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Utopian Visions and Revisions

Or the Uses of Ideal Worlds

Artur Blaim

The book focuses on different uses of the concepts of utopia, dystopia, and anti-utopia. The author analyses literature, cinema, and rock music, as well as scientific and legal motifs in utopian fiction. He also considers the functions of Jewish characters in early modern utopias and looks at the utopian aspects of scientific claims of literary and cultural theories. Utopian models are also applied to the practice of literature (socialist realism) and current socio-political affairs. Among the texts and films discussed are "Utopia", "New Atlantis", "Gulliver’s Travels", "Memoirs of Signor Gaudentio di Lucca", "Nineteen Eighty-Four", "A Minor Apocalypse", "Lord of the Flies", and "Even Dwarfs Started Small".

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6. “The Thing which is not.” Utopia and Anti-Utopia in Gulliver’s Travels16


6. “The Thing which is not.” Utopia and Anti-Utopia in Gulliver’s Travels16

He pays no court to the passions; he excites neither surprise nor admiration; he always understands himself, and his readers always understand him: the peruser of Swift wants little previous knowledge; it will be sufficient that he is acquainted with common words and common things; he is neither required to mount elevations nor to explore profundities; his passage is always on a level, along solid ground, without asperities, without obstruction. (Samuel Johnson on Jonathan Swift)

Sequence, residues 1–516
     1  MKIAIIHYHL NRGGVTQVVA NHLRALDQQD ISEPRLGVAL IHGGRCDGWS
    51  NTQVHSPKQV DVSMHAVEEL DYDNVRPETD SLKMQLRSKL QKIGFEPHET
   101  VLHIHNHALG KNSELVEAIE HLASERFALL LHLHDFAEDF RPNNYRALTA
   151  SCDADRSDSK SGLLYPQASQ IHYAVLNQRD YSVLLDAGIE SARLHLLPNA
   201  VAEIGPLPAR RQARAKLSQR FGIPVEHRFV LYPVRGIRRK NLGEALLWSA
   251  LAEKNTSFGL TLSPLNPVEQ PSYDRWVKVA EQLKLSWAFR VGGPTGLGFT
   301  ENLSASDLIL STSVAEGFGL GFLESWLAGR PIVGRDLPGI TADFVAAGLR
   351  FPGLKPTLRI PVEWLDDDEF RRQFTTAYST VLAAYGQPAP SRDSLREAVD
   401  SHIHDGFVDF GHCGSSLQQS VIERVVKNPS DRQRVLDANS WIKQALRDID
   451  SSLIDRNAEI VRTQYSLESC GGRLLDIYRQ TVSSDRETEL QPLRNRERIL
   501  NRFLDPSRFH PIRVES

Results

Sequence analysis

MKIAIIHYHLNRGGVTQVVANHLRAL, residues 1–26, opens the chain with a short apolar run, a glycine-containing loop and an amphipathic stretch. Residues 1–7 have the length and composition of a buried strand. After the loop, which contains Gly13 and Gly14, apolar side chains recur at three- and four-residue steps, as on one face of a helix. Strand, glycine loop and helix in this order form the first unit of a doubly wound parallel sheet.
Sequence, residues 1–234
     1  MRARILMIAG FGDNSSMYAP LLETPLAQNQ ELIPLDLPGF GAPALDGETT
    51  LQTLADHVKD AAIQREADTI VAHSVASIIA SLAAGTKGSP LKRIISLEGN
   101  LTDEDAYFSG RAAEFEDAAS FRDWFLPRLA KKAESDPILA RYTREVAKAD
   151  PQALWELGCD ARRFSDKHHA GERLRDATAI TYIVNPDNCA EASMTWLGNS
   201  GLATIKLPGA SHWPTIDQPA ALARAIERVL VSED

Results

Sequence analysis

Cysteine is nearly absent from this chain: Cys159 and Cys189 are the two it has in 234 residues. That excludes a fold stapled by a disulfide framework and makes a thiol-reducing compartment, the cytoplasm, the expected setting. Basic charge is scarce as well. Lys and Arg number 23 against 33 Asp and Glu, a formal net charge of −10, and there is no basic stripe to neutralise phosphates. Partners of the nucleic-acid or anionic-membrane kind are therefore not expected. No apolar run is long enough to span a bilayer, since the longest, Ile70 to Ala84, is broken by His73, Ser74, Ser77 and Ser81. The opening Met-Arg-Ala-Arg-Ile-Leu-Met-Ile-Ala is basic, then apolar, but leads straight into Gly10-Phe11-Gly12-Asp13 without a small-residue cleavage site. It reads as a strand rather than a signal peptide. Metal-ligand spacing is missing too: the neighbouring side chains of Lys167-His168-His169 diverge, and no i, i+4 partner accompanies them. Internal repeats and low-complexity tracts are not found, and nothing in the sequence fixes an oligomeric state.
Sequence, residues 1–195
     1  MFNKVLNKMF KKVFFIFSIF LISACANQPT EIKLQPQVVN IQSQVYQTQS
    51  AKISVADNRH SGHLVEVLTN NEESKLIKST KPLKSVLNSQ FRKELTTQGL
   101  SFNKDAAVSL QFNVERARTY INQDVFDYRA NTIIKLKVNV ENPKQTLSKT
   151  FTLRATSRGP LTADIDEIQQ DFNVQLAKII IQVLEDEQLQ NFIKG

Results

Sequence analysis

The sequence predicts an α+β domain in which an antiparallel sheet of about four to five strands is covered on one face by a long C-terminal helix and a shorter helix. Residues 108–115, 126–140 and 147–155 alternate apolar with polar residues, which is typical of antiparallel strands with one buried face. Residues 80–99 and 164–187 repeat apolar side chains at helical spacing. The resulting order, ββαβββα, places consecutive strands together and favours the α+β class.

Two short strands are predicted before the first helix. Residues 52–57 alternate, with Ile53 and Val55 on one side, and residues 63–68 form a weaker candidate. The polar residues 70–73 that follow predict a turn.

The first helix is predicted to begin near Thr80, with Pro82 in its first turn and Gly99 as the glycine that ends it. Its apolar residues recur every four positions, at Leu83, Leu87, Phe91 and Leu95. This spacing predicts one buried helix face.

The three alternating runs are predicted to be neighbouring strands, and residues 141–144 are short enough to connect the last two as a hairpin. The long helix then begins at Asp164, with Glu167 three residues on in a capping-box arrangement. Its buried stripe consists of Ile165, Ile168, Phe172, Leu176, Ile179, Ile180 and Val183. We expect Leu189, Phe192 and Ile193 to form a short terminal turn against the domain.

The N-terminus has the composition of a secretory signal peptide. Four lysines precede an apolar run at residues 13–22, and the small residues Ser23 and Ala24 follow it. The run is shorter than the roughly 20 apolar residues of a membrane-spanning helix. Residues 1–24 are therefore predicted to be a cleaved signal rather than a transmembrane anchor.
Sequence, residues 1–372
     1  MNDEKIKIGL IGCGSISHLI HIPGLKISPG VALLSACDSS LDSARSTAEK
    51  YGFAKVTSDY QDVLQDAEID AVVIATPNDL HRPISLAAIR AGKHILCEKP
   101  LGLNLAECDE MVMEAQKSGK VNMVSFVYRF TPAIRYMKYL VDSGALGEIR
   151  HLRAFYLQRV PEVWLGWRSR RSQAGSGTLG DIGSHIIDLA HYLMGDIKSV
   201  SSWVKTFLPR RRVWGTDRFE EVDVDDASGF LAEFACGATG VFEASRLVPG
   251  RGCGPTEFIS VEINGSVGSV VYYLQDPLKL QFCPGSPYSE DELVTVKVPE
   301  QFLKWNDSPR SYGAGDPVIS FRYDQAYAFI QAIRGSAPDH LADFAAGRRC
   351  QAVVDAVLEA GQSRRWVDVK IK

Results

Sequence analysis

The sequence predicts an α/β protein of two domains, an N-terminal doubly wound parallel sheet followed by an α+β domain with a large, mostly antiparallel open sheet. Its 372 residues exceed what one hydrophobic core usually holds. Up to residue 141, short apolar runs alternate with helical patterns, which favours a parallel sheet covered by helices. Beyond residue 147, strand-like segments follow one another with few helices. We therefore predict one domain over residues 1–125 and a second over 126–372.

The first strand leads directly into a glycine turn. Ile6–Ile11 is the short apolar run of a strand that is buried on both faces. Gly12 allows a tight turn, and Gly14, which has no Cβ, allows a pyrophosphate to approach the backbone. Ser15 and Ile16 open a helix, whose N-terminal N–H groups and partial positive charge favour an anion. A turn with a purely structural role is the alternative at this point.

Anti-utopian fiction is commonly regarded as a characteristically twentieth-century phenomenon. Indeed, the twentieth century has produced a considerable number of anti-utopian novels, several of which, such as Zamyatin’s We or Huxley’s Brave New World or, have entered the literary canon. However, the beginnings of anti-utopian fiction can be traced back to a much earlier date. Several anti-utopian motifs and devices can be observed already in More’s Utopia, but the first work to make use of the structurally dominant anti-utopian motifs is Swift’s Travels to Several Remote Regions, better known as Gulliver’s Travels, often discussed as a utopian work, mainly on account of Book IV depicting a visit to Houyhnhnmland, traditionally considered as a primitivist utopia offering a desirable alternative to the organisation of the narrator’s (and the author’s) world.17 Thus, whilst most of Gulliver’s Travels is interpreted as a satirical exposition of what is wrong with the human society, Book IV tends to be regarded as offering a positive...

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